POLITICS

Reid's Way With Words: A History of the Majority Leader's Gaffes

Vice President Biden, step aside. Senate Majority Leader Harry Reid is closing in on your title for off-color, out-of-place commentary. The Reid gaffe list got a little longer over the past week after the Nevada Democrat called one senator "the hottest" and another Senate candidate "my pet." Those comments, though, barely registered in the Reid history of verbal missteps, which have in the past triggered calls for his resignation. FoxNews.com has compiled a refresher of Reid's best-of moments.

The War Is Lost

April 19, 2007: Reid tells reporters that the Iraq war, as a military campaign, is lost and can only be won through diplomatic, political and economic means. 

"Now I believe, myself, that the secretary of state, the secretary of defense and you have to make your own decision as to what the president knows -- that this war is lost," Reid says, criticizing the troop surge as ineffective. 

President Obama ends combat operations in Iraq more than three years later. 

FNC

Smells Like Tourists

Dec. 2, 2008: Reid, going against his aides' better instincts, marks the long-delayed opening of the Capitol Visitor Center by describing its olfactory benefits. 

"My staff has always said, 'Don't say this,' but I'm going to say it again because it's so descriptive because it's true," he says. "In the summertime, because (of) the high humidity and how hot it gets here, you could literally smell the tourists coming into the Capitol."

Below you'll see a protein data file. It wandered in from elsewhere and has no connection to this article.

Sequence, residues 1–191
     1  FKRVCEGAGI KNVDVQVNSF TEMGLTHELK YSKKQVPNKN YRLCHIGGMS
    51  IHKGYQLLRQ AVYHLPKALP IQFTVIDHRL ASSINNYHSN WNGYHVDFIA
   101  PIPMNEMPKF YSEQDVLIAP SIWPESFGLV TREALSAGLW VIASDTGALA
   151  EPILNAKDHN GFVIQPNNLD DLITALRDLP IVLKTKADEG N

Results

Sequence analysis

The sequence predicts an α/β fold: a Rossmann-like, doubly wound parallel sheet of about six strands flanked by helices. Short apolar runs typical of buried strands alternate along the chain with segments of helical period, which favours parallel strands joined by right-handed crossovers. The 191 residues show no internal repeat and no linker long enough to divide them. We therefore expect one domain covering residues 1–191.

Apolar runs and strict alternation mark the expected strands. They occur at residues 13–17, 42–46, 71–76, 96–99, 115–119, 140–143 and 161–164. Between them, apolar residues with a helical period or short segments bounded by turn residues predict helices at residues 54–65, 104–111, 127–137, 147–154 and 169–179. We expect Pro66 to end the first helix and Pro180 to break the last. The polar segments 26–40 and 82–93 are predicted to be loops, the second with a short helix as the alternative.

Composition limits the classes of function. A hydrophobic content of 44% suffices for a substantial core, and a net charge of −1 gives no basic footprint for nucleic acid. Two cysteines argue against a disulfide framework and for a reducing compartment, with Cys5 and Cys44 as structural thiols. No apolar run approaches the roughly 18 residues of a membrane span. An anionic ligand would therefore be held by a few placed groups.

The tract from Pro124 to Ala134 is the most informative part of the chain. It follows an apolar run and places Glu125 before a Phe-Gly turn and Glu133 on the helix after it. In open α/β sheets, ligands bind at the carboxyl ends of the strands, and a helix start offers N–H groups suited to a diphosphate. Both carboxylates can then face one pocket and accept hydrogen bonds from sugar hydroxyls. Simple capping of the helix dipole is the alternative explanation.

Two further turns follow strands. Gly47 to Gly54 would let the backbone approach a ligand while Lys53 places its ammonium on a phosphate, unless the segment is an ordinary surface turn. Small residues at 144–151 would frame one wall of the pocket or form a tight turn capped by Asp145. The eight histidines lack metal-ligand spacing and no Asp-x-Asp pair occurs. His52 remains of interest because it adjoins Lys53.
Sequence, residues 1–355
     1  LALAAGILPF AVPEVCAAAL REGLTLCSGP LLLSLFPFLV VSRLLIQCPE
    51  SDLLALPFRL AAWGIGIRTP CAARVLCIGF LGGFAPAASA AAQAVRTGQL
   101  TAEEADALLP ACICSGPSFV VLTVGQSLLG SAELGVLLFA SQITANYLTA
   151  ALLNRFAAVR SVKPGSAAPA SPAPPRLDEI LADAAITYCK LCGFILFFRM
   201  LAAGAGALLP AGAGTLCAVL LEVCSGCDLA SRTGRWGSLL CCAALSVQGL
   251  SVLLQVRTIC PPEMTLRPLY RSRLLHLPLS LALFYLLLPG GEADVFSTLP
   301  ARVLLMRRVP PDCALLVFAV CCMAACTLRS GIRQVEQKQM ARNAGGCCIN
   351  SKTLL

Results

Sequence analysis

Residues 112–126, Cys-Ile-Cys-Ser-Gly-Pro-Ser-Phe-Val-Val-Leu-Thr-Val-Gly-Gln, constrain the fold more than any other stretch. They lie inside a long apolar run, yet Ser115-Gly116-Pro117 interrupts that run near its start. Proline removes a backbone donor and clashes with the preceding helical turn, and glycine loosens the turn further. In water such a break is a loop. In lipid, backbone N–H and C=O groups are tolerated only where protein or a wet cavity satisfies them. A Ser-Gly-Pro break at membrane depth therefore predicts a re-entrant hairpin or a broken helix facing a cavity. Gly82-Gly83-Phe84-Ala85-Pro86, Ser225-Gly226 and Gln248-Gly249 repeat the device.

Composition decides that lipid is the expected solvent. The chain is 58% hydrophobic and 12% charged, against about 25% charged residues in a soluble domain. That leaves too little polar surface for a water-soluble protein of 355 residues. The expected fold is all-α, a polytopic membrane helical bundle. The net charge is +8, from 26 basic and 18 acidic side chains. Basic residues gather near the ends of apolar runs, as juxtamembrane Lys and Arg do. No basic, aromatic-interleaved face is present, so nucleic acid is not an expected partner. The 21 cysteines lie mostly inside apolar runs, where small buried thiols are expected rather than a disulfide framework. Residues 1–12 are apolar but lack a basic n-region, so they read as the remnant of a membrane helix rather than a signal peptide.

Capitol Visitor Center

ER_exam

Dec. 7, 2009: Reid, in a speech on the Senate floor, compares opponents of health care reform to supporters of slavery. 

"Instead of joining us on the right side of history, all the Republicans can come up with is, 'slow down, stop everything, let's start over.' If you think you've heard these same excuses before, you're right," Reid says. "When this country belatedly recognized the wrongs of slavery, there were those who dug in their heels and said 'slow down, it's too early, things aren't bad enough.'"

AP

Obama's 'Dialect'

December 2009: Reid comes under fire after excerpts from the book "Game Change" are released in which Reid is quoted describing then-candidate Barack Obama in 2008 as "light-skinned" with "no Negro dialect" unless he wants one. 

The remark leads to calls from Republicans for his resignation, but Reid goes into damage control mode, calling Democratic senators and eventually apologizing.

AP

'Good' Job Loss

March 5, 2010: Reid hails as good news a newly released labor report showing 36,000 jobs were lost in February. 

"Today is a big day in America. Only 36,000 people lost their jobs today, which is really good," he says.

AP

Reid's 'Pet' Candidate

Sept. 15, 2010: Reid tells The Hill that Delaware Democratic Senate candidate Chris Coons will coast to victory in the general election, but uses an unusual term to describe his affection. 

"I'm going to be very honest with you -- Chris Coons, everybody knows him in the Democratic caucus. He's my pet. He's my favorite candidate," he says.

AP

The Reid Hot List

Sept. 20, 2010: Reid reportedly includes Sen. Kirsten Gillibrand on his own personal hot list. 

Speaking at a fundraiser, he calls the New York Democrat the Senate's "hottest member," according to an account in Politico.com.

AP

Reid's Way With Words: A History of the Majority Leader's Gaffes

Vice President Biden, step aside. Senate Majority Leader Harry Reid is closing in on your title for off-color, out-of-place commentary. The Reid gaffe list got a little longer over the past week after the Nevada Democrat called one senator "the hottest" and another Senate candidate "my pet." Those comments, though, barely registered in the Reid history of verbal missteps, which have in the past triggered calls for his resignation. FoxNews.com has compiled a refresher of Reid's best-of moments.

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